Archives of the
New Orleans -
Santa Fe District

Yellow Fever and the Christian Brothers in New Orleans

When yellow fever struck New Orleans in the 1850's and 1860's and took over 11,000 victims,1 the fledgling Christian Brother communities were not spared. The first victim to fall was Brother Gelisaire in 1852. The mosquito-born virus claimed three more Brothers in 1853, and by 1866 a total of ten Brothers had succumbed to the disease. The years between 1866 and 1868 were particulary deadly, as nineteen Brothers died of the fever. Members of the community of St. Mary's College in Galveston, TX, unable to return home due to a quarantine, proceded to St. Mary's in Pass Christian, MS, where three died in 1867. The school in Galveston was closed that very year2.

Heroines Come to the Aid of the Brothers and New Orleans

Statue of Margaret HaugheryFour New Orleans women are honored as affiliated members of the Christian Brothers in gratitude for their assistance during the yellow fever epidemic. These women are Miss Catherine Aitkens, Madame Roselle Colquhoun, Miss Mary Evans, and Mrs. Margaret Gaffney Haughery. In addition to their tireless nursing and care of the Brothers, three of these women provided financial assistance. Mrs. Margaret Gaffney Haughery, widowed at the age twenty-one, spent nearly fifty years at the service of the Brothers and the poor of New Orleans, regardless of race or creed. She opened St. Vincent de Paul Infant Assylum and supported her endeavors by selling milk and managing a bakery. A statue of her was erected at the intersection of Camp and Prytania Streets in New Orleans to honor her exemplary faith, dedication and generosity.3 See Links below.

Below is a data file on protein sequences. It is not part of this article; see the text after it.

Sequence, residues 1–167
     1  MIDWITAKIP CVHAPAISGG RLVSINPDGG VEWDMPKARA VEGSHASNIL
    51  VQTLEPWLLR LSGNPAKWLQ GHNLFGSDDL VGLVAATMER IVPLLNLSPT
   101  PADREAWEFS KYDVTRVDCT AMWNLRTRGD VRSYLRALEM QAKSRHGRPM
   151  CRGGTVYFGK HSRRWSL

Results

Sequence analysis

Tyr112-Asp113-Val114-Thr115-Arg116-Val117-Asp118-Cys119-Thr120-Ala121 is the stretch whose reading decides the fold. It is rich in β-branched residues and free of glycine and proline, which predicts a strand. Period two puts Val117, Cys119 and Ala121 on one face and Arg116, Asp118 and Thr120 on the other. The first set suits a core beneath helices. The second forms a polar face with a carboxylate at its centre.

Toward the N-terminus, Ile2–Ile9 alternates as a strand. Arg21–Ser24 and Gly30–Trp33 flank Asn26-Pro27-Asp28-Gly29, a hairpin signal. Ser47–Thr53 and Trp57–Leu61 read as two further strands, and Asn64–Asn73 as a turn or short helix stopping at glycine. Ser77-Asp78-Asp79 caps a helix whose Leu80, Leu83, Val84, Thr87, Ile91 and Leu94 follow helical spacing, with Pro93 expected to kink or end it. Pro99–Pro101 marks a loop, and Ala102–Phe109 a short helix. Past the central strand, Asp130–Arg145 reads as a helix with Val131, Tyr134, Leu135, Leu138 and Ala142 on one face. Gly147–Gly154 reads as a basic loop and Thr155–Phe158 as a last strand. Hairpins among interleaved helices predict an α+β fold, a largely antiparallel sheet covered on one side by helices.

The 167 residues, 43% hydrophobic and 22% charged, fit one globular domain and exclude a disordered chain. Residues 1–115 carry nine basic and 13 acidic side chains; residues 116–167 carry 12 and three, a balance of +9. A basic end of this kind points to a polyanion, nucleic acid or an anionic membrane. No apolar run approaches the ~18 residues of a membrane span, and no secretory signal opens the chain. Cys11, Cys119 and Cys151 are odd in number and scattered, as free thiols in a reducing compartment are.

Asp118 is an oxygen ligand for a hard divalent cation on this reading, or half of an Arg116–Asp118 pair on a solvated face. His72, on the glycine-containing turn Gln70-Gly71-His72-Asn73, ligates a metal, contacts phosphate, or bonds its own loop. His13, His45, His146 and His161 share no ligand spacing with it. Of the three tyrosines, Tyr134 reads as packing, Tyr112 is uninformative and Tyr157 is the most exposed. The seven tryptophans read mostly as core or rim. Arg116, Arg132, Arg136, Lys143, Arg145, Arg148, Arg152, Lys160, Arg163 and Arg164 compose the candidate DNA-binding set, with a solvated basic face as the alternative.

Brothers Cassian, Charles Henry, Raphael Bodin, and Leo Harvey at the Brothers' Monument in St. Patrick's Cemetery, NO The monument to Brother victims of yellow fever in Pass Christian, MS

Above, left - On August 9, 1965, Brother Cassian Lange, Brother Charles Henry (former Superior General), Brother Raphael Bodin (former Visitor), and Brother Leo Harvey, (Archivist) pose in front of the newly dedicated monument to the deceased Brothers including yellow fever victims buried in St. Patrick's Cemetery, New Orleans. Above, right - The monument honoring the Brothers buried in St. Paul's Cemetery, Pass Christian, MS. These Brothers died from yellow fever.

Selected Margaret Gaffney Haughery Links

1Ralph E. Thayer, "New Orleans," World Book Online America's Edition,, March 13, 2003.
2Gabriel, Brother Angelus. The Christian Brothers in the United States 1848-1948. New York: The Delcan X. McMullen Company, Inc., 1948. 220-223.